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Retroactive interactive key sharing

“Distribute first, give access later”

RIKS enables end-to-end encryption for live data over the full data lifecycle from producer to consumer(s). Data is protected in an unbroken chain over time, in transfer and at rest. RIKS also supports end-to-end encryption in dynamic groups where users and devices come and go.

Key sharing at decryption

Traditional encryption works by knowing who you encrypt for. You use the recipients public key to encrypt with, making it impossible to access and read without decrypting the data with the recipients private key. This works fine in messaging or setting up an encrypted tunnel like TLS or VPN, but it effectively prevents encryption in an unbroken chain in most IT-systems, where you don’t know the recipient at the time of data production. You can only protect the data hop-by-hop, having to trust every node in the chain since it has access to the data in clear text.

HYKER changes all this with the RIKS (Retroactive interactive Key Sharing) protocol. By sharing the key upon request at the decryption stage the data is never exposed in clear text, not even in storage, effectively removing the cloud provider from the security equation. You don’t have to trust them since they never have access to the keys to your data.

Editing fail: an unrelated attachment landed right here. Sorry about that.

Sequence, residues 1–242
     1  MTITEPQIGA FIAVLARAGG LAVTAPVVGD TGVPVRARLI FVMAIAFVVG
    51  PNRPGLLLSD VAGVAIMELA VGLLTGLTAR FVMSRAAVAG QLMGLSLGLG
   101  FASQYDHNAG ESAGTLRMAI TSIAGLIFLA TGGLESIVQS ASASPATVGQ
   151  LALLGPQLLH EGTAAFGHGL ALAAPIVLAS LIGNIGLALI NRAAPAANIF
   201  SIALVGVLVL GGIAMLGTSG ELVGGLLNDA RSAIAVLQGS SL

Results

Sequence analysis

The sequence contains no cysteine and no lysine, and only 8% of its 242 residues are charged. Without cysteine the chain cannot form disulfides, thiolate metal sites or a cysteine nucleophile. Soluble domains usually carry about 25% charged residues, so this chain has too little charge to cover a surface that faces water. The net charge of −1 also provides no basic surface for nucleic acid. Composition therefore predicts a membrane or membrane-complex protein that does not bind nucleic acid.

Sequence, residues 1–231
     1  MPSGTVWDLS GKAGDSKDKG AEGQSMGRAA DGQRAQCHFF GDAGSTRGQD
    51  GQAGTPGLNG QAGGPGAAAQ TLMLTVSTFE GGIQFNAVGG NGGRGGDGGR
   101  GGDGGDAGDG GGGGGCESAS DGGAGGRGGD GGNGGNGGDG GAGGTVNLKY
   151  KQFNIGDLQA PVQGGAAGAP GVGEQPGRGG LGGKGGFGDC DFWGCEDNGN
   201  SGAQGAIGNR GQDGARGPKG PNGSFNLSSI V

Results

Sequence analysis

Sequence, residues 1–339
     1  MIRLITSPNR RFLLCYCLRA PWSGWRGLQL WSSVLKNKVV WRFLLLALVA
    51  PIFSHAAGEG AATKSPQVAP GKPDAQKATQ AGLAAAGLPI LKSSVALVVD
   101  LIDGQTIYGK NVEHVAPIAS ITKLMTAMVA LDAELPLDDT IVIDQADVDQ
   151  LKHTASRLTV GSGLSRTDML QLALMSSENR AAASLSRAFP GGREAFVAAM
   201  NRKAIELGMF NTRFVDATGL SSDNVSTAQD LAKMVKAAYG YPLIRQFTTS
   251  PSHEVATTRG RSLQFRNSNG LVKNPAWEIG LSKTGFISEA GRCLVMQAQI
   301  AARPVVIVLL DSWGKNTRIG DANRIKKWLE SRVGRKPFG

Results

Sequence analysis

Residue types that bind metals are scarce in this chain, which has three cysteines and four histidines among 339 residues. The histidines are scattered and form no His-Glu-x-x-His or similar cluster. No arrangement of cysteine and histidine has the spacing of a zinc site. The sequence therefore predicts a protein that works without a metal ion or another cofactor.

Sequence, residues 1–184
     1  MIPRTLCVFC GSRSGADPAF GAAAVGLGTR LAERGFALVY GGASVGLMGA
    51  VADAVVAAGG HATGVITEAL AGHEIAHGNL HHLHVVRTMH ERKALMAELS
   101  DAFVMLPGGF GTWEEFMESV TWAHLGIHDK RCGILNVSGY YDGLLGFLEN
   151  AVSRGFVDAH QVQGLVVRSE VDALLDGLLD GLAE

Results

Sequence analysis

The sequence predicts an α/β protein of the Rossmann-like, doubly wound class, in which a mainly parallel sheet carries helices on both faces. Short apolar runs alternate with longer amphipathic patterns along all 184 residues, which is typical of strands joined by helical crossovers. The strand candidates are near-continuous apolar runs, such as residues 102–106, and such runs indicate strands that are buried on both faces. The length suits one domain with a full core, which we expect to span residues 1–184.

Asynchronous communication patterns

While some forms of group communication are easily encrypted, protocols limited by asynchronous behavior or central authorities are harder to secure. RIKS adds a novel way of achieving end-to-end encryption for publish-subscribe protocols such as MQTT and AMQP and real-time databases like Google Firebase.

These protocols have a property that makes them hard to secure. Senders are not in control over to whom the message is delivered. This is instead the responsibility of the broker. RIKS changes that.

Distribute access control to the data producer

RIKS effectively removes the authority of access control from the broker (if there is one) and gives it to the sender. By doing this, the consistency of the secret communication group is in the hand of the sender instead of at a central authority. The transfer of authority is done while maintaining other important properties that might be present in the message protocol, such as e.g. asynchronicity or publish-subscribe.

Encrypt, send and store first, give access later

On top of this, RIKS divides key establishment/sharing and the sending of data. This way, you can decide on who the recipients are after you actually send the message or store the data in the cloud. You also have an option of adding additional recipients later, which is very handy when storing data for later access by another party.